By Sonya Sanford
(The Nosher via JTA) — The Japanese word okonomiyaki is derived from two words: okonomi “how you like it” and yaki “grill.” Okonomiyaki is a customizable Japanese savory vegetable pancake. Like a latke, it gets cooked in oil in a fritter formation. Unlike a latke, it’s usually made into a large plate-sized pancake comprising mainly cabbage.
Food historians have linked the rise in popularity of okonomiyaki in Japan to World War II, when rice was more scarce and this recipe offered a filling meal or snack with a wheat-based starch. Throughout Japan there are regional differences and countless variations of okonomiyaki, but the most common form of the dish involves a batter made of flour, a variety of mountain yam, eggs, shredded cabbage, green onion, dashi and often the addition of pork belly. It gets topped with its own tangy sweet sauce, Japanese mayonnaise and bonito flakes (katsuobushi).
I first fell in love with okonomiyaki on a trip to Japan. You can find it there in restaurants that specialize in the dish, but it’s also something that is prepared in home kitchens. The cabbage gets slightly crisp, tender and sweet when seared in oil on a flattop or skillet, and then it gets generously slathered with an umami-rich sauce, along with a welcome drizzle of creamy mayo. The richness, sweetness and tanginess of these components all work perfectly together.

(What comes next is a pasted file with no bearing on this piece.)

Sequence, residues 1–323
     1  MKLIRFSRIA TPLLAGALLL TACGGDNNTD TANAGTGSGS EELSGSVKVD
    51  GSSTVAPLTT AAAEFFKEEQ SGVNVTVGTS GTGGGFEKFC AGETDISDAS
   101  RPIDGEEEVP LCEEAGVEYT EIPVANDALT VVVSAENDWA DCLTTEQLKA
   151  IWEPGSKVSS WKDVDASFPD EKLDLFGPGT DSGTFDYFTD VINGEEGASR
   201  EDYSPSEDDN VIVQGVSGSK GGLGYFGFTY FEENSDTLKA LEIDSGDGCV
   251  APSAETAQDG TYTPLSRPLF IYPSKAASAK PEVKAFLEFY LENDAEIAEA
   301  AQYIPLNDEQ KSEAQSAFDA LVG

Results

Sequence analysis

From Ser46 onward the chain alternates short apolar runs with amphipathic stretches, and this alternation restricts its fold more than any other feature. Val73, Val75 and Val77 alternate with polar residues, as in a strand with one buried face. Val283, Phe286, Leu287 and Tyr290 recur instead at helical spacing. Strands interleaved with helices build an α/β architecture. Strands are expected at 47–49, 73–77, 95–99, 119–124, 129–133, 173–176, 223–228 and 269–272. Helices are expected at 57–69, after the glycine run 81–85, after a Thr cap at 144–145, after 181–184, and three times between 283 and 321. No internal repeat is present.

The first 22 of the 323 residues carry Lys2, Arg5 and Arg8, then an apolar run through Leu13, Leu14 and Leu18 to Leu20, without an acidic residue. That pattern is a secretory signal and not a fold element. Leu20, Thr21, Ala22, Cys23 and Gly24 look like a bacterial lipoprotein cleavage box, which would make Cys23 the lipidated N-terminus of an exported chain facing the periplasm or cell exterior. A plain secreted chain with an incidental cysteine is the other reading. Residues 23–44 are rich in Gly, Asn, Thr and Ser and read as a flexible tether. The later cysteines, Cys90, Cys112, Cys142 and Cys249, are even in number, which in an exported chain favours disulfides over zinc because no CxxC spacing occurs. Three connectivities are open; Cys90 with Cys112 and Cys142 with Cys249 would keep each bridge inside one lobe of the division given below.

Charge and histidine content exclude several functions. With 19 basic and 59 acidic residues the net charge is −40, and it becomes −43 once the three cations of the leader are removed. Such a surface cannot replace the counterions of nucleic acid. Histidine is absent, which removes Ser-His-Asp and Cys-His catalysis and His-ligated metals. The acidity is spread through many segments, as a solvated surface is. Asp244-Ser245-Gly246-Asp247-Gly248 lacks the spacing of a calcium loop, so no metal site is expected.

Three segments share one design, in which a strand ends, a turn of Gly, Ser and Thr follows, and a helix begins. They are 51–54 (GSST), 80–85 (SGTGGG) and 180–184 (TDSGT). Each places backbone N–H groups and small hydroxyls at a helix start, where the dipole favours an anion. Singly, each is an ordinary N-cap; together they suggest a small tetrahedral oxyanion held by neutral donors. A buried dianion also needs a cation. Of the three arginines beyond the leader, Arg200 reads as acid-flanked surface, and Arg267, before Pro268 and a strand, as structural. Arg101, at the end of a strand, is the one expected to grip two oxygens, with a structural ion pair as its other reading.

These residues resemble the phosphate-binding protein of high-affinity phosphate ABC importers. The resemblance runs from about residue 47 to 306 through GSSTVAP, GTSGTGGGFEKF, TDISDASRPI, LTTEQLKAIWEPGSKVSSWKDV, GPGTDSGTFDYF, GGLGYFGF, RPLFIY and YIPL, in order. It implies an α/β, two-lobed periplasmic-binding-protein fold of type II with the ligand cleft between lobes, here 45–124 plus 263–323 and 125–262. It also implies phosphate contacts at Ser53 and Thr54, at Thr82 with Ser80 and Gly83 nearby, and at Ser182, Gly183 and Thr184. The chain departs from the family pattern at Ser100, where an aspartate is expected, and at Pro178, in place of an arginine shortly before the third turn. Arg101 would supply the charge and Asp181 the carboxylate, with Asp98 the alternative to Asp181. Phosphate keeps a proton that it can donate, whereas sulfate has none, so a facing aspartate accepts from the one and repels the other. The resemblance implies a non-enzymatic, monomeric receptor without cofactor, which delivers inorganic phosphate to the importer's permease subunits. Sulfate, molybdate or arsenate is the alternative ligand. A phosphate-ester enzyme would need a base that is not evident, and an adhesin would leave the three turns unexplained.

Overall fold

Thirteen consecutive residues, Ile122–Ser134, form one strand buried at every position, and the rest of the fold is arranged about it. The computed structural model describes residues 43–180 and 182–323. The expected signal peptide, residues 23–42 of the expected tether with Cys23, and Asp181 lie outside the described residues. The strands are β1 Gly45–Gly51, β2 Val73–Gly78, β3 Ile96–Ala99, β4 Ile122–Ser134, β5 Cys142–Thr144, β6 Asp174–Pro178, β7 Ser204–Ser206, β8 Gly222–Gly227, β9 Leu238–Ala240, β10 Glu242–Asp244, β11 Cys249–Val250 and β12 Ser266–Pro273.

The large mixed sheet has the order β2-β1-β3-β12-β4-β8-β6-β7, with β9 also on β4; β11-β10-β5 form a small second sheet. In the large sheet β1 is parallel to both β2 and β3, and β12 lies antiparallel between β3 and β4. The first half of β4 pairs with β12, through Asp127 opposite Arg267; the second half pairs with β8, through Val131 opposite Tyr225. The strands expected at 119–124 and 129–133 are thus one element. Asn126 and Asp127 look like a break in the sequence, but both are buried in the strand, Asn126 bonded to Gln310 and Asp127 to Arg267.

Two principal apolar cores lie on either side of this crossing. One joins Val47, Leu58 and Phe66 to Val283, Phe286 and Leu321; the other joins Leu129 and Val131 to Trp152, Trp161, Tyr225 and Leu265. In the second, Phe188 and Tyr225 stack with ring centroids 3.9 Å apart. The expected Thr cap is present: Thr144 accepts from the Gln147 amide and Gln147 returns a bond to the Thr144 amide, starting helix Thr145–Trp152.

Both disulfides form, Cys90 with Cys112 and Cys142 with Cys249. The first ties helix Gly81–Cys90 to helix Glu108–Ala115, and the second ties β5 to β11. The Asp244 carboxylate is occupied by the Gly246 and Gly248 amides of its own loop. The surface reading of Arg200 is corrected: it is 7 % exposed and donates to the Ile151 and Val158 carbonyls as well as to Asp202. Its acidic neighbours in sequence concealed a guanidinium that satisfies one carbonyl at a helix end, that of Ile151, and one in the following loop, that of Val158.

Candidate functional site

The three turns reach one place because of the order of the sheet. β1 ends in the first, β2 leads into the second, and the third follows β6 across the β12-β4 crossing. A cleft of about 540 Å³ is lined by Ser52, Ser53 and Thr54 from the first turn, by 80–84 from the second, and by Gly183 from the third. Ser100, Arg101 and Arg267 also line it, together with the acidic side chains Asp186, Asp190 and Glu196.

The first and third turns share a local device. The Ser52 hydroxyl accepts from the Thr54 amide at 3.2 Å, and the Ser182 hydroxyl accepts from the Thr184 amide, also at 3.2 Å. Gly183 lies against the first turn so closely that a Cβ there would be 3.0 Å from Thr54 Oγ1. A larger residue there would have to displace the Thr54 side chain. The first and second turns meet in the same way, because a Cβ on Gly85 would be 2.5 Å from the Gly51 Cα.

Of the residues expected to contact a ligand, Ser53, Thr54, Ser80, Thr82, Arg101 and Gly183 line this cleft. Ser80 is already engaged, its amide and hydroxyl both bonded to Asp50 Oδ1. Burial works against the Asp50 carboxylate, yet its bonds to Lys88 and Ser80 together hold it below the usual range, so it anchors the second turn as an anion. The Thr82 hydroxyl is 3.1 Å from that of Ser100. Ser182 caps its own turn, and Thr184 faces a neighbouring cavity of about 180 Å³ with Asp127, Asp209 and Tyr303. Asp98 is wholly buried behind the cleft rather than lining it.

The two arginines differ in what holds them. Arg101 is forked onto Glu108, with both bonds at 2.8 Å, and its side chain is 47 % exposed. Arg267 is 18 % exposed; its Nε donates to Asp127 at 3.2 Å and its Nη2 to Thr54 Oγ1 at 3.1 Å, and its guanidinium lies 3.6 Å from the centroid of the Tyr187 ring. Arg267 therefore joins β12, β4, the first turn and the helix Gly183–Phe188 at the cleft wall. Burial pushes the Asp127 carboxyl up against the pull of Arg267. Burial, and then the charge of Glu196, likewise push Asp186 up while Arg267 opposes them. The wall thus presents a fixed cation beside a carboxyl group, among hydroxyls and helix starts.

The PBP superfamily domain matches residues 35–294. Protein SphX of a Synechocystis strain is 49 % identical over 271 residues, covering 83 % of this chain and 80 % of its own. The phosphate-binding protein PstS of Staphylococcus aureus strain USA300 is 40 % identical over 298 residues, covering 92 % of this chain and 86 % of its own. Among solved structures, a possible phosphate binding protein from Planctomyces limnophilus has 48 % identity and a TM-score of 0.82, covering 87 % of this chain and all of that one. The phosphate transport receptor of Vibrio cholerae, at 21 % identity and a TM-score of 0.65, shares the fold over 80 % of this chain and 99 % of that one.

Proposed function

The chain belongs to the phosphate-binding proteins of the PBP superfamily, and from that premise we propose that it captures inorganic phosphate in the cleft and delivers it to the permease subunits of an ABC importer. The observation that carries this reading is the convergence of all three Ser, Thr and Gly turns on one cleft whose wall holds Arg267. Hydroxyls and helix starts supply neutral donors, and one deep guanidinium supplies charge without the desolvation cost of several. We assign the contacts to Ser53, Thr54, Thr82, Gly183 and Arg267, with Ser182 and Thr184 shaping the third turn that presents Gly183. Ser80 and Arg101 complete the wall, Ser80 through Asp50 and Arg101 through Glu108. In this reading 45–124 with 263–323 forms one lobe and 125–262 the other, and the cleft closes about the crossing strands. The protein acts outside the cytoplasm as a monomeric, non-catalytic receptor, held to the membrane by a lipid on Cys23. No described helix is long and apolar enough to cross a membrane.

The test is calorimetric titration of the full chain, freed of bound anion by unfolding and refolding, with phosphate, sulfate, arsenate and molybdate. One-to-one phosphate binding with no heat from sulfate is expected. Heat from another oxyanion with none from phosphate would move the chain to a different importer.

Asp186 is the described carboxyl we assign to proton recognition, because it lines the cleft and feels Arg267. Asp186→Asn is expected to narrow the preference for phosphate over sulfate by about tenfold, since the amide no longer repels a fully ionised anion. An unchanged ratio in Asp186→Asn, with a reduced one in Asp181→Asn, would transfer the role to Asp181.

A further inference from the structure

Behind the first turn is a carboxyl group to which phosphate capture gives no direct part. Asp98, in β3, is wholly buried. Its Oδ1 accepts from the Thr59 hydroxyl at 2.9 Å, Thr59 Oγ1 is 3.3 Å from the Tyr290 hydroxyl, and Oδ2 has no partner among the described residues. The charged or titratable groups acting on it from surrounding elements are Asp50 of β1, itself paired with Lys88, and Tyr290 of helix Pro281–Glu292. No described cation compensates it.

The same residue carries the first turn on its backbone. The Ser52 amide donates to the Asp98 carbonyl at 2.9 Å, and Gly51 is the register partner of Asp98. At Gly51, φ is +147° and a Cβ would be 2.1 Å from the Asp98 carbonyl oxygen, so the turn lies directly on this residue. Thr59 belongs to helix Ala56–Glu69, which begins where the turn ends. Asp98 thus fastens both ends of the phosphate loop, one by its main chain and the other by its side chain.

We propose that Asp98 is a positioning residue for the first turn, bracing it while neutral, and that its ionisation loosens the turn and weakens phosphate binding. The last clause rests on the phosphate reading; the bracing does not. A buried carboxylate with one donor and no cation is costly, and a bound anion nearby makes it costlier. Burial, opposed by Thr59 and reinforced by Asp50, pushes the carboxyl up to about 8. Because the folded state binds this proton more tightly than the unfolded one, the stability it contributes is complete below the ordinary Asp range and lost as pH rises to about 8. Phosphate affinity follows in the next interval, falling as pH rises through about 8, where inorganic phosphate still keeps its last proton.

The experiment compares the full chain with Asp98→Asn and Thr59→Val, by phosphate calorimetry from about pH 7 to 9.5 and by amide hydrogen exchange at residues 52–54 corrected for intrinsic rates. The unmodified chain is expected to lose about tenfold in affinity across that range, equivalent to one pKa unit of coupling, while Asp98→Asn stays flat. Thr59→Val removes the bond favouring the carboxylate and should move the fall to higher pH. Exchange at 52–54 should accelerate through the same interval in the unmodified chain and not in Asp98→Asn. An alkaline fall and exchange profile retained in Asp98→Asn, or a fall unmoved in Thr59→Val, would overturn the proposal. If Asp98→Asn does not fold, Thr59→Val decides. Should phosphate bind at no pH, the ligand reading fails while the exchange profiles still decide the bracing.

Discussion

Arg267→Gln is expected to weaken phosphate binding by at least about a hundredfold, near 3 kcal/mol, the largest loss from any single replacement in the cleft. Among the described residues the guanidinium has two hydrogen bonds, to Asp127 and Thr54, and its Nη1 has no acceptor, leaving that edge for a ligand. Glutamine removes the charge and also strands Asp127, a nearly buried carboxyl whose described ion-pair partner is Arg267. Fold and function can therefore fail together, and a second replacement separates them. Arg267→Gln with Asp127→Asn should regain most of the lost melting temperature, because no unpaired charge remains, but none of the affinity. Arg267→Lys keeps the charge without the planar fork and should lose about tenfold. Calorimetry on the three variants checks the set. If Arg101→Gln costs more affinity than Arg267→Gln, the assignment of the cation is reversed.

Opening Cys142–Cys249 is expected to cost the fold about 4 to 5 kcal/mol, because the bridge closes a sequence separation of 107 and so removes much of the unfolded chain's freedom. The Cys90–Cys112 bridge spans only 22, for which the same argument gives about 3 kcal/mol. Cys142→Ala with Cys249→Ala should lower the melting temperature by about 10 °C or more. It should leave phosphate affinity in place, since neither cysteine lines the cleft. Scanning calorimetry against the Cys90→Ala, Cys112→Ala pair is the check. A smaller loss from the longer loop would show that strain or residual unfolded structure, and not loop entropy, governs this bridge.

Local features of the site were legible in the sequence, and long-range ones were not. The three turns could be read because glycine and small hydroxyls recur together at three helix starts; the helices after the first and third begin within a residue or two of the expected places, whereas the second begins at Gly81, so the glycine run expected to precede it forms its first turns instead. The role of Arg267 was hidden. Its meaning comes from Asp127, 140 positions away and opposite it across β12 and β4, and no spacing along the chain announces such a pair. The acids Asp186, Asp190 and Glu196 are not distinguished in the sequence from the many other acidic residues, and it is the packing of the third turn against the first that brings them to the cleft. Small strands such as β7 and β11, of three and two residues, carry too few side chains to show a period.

A few months after I returned from Japan, I ended up eating at Brooklyn’s Japanese Jewish restaurant, Shalom Japan. I didn’t hesitate to order its Jewish-influenced spin on okonomiyaki. Shalom Japan is known to top the dish with pastrami, or even corned lamb tongue and sauerkraut. It became clear there that okonomiyaki, with its base of humble cabbage and onion, is a perfect fit on a Jewish table. The fried pancake part of it all called out Hanukkah.
I am a fan of all pancakes and fritters, and I set out to modify the classic Japanese version for a recipe that didn’t require access to a specialty food store and could be made with kosher ingredients.
Full disclosure: My version lacks authenticity. If you’re going for the real deal, you’ll need a batter made with an okonomiyaki flour mix or nagaimo yam. This special kind of yam is added in powdered form to the flour mix or is grated fresh into the batter. The toppings should include bonito flakes, and the batter should be made with dashi. These ingredients can be found at most Japanese markets. Instead of nagaimo yam, my version uses a batter of flour and potato starch, and instead of dashi I use water.
I’ve also included a recipe for homemade traditional okonomiyaki sauce that can be made simply with easy-to-find ingredients, but you can also buy a pre-made bottled sauce. You can make these pancakes large-sized and cut into wedges like the Japanese do, or slightly smaller a la a large latke. I wouldn’t go too small, as the vegetables tend to hold together better en masse.